Many things are happening. Too many things for me to write separate blog posts. Here’s the situation as of March 8, 2017:
- Canadian Parliamentary Special Committee on Electoral Reform recommended against national Internet voting – see December 1, 2016 blog post ERRE Electoral Reform Committee Recommends Against Online Voting
- Canada’s Minister of Democratic Institutions was directed in her Mandate Letter to defend the Canadian electoral process against cyberthreats – see January 23, 2017 blog post defend Canadian electoral process from cyber threats
- New Brunswick legislature Commission on Electoral Reform recommended against Internet voting – see March 23, 2017 blog post New Brunswick Internet voting and page 21 of Commission report A pathway to an inclusive democracy
- Vancouver Independent Election Task Force recommended to city council that Vancouver conduct an online voting pilot, including asking the province to establish an independent technical committee – see slide 17 “Conduct an online voting pilot” of the Task Force presentation to council and pages 27-28 of the Task Force final report
- Many Ontario municipalities have approved Internet voting for the 2018 municipal elections (far more than this blog can track; it will probably end up being about 200 municipalities)
- The Netherlands will use hand-counted paper ballots due to cybersecurity concerns. They have discussed almost totally eliminating computers from every step of the process. See primary source Uitslag verkiezingen moet boven alle twijfel verheven zijn (“Election results must be beyond all doubt”) and many secondary sources e.g. A small, tech-savvy nation gives up on computers in this month’s parliamentary elections.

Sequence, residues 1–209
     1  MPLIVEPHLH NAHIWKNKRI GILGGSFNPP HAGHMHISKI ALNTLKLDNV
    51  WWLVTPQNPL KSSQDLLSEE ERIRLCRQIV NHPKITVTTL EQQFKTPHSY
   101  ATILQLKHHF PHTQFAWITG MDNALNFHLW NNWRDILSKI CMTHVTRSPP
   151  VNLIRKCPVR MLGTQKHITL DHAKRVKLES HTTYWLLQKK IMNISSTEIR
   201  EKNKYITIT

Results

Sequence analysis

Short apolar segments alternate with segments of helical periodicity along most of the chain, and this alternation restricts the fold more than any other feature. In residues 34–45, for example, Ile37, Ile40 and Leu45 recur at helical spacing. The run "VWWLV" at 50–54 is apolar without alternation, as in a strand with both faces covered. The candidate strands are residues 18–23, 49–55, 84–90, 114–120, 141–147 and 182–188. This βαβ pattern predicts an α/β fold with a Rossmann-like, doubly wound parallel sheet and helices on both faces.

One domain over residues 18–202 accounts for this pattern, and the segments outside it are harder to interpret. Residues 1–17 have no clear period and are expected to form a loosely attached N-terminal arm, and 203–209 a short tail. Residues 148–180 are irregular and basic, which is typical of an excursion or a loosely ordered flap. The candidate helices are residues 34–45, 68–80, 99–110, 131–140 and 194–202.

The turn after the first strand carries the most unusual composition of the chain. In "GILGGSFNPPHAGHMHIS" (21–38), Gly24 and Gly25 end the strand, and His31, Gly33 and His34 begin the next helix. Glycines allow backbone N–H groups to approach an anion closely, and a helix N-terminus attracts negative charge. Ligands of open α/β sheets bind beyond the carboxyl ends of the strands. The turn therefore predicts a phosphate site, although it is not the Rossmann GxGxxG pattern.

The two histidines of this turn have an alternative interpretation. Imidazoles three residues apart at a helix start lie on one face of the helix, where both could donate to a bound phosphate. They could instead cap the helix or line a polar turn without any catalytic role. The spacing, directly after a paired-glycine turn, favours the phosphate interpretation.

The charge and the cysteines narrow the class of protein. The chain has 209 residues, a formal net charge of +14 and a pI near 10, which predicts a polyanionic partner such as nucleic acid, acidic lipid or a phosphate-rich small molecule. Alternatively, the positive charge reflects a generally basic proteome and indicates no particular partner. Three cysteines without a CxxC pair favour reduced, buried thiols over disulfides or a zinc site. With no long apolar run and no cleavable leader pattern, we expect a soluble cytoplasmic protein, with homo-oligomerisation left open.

- France has discontinued Internet voting (which was only offered to citizens abroad) due to cybersecurity concerns. Terminology used is vote électronique. See primary source Français de l’étranger – Modalités de vote aux élections législatives and many secondary sources e.g. France drops electronic voting for citizens abroad over cybersecurity fears
- Swiss Post has launched a demo of its third-party-vendor-based Internet voting solution, along with some accompanying technical documentation. In the text they open the possibility of external evaluation, stating “Swiss Post is also working with universities to review the system from a neutral scientific perspective.” See primary sources in English, French, German and Italian. I encourage you to examine the documentation, available by clicking on Transparency and Publications on the page Swiss Post’s e-voting solution.
- The Prime Minister of Estonia has said the government will continue with Internet voting, but that it needs to “proactively test” its Internet voting systems to ensure they can withstand cyberattacks. Terminology used is e-valimised (e-elections) and e-hääletamine (e-voting). Secondary sources Keskerakond vilistab varasematele seisukohtadele? Jüri Ratas: e-valimised jäävad, e-valimised ei kao and tweet by @ottummelas.
- Lithuania has announced its intent to have national online voting, with a target of 20% of votes cast online by 2020. Terminology used is balsavimo internetu (Internet voting). Primary source is in the government’s plan page 18 section 3.2.2. Balsavimo internetu sistemos sukūrimas (3.2.2 Internet Voting System), secondary source Lithuanian government seeks to introduce online voting this year.
- Finland has formed a new Internet voting working group, to investigate the implementation of national online voting, with a completion/report date of November 30, 2017. Terminology used is nettiäänestys (online voting) or Internet-äänestys (Internet voting). Primary sources Finnish Government: Introduction of internet voting set as goal (2016) and Working group to conduct feasibility study on online voting (2017). Secondary source Finland to allow voters to cast votes online in all general elections (2016). The working group information page (in Finnish) is Nettiäänestys and includes some background documents as well as the list of the working group members. Note that the email address firstname.lastname@example.org is just telling you that to contact someone you construct an email address with firstname (etunimi) dot lastname (sukunimi). – See March 14, 2017 blog post Internet voting in Finland.
- In addition to Canada, a number of other countries have expressed concerns about cybersecurity of the entire electoral process, including cybersecurity for political parties. This includes: the US, the Netherlands, France, and Australia.